If the British government is serious about ending sexual violence in Burma, difficult choices will have to be made.
Despite recent political reforms, activists frequently remain the target of violence, torture, abuse, and sometimes even enforced disappearance and extrajudicial killing.
The draft Prison Law currently being debated in Naypyidaw dampens hopes that the prison system is about to undergo the substantive reforms it urgently needs.
Will a nationwide ceasefire pact lead to genuine peace in Burma, or prove as transitory as Sri Lanka’s agreement with Tamil fighters more than 10 years ago?
China should recognize and respect the legal nature of the trial proceedings instead of politicizing the case of the illegal loggers in Kachin State.
Political dialogue and national reconciliation should not be deferred in lieu of a nationwide ceasefire agreement, writes contributor Sai Oo.
The recent fall in value of the Burmese kyat should not mean a return to the command and control monetary policies of the past, writes Sean Turnell.
It would be ill-advised for the government to dismiss negotiating with the newly formed ethnic negotiating committee, writes contributor Saw Kapi.
The Burmese military and the Kachin Independence Army should take urgent steps to stop recruiting and using children, says contributor Charu Lata Hogg.
Few facts have emerged since troops from India carried out a cross-border attack on insurgents, but Burma government’s account is the easiest to refute.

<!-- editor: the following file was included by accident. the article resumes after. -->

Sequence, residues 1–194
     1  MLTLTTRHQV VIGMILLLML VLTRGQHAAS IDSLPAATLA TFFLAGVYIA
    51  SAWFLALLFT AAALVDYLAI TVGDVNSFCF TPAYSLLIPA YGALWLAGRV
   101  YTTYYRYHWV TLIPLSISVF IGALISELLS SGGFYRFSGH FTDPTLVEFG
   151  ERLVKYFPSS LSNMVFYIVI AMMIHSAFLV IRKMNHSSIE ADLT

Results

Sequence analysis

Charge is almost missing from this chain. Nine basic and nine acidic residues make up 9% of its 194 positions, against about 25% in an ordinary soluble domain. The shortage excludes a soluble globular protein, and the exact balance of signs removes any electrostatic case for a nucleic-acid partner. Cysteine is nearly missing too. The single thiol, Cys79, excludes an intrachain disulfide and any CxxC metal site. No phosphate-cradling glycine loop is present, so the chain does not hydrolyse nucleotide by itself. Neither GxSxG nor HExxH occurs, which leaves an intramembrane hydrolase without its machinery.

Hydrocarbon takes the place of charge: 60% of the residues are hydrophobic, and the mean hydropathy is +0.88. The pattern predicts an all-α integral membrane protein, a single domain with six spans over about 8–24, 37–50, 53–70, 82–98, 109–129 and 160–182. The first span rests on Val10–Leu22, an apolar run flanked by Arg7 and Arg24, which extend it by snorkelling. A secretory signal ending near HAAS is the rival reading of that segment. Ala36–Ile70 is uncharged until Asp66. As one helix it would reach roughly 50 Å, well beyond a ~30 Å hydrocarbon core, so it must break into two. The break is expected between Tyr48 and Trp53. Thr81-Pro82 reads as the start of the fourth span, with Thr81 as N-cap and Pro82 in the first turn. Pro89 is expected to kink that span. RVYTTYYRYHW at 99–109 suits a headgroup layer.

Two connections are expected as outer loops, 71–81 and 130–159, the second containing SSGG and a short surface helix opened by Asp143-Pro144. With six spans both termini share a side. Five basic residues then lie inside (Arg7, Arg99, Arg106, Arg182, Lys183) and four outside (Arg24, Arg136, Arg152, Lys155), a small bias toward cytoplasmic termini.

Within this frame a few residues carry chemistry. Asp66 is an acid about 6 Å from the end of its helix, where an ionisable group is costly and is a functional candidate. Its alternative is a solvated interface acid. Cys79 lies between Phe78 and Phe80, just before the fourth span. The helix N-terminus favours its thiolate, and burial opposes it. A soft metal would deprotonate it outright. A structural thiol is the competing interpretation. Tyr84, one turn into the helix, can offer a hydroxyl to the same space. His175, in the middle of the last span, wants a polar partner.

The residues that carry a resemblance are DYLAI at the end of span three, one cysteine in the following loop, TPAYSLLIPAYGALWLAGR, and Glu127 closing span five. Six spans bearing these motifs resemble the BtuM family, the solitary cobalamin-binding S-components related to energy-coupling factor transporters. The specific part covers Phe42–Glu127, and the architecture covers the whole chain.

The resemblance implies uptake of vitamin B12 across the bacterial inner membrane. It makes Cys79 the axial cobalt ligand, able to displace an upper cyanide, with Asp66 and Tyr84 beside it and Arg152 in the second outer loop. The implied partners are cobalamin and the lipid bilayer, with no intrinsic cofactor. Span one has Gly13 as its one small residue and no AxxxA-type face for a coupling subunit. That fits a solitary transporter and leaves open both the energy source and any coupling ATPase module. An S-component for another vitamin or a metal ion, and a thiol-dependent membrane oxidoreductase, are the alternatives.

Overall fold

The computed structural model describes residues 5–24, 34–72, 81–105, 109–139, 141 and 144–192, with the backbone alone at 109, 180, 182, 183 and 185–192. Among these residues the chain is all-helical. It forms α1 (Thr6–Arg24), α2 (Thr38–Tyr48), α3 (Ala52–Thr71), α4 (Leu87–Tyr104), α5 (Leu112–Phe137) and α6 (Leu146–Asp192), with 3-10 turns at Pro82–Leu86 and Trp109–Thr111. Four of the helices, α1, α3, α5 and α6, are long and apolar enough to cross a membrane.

In some cases, it is appropriate for the Burmese government to set boundaries on religious interventions in secular affairs.
Enlisting international expertise and spending tens of millions of dollars does not appear to have helped avert an unfolding voter registration fiasco in Burma.
Lahpai Seng Raw delivers the keynote address, reproduced here in full, at an event commemorating the fourth anniversary of the Kachin conflict.
Why are there protests against coal-fired power projects when most of Burma’s rural population is off the grid, living in darkness?
On the anniversary of Win Tin’s death, The Irrawaddy revisits this archived article wherein another former political prisoner, Kay Latt, pays tribute to his resilience.
Members of Harvard’s International Human Rights Clinic write that shortly after his daughter’s death, Brang Shawng wrote two letters that would eventually be deemed criminal.
While the government relishes its accomplishments, Burma’s ethnic groups must prepare for what will still be a long and thorny path to peace.
Aung San Suu Kyi has sacrificed her credibility to court the military and the USDP, with no quid pro quo to show for her compromises.
Far from a cause for celebration, Burma’s 70th Armed Forces Day was a salient reminder of the military’s failure to reform.
Recent repression in Myanmar is being directed by the military, which retains control of the laws and institutions it used to dismantle past pro-democracy movements.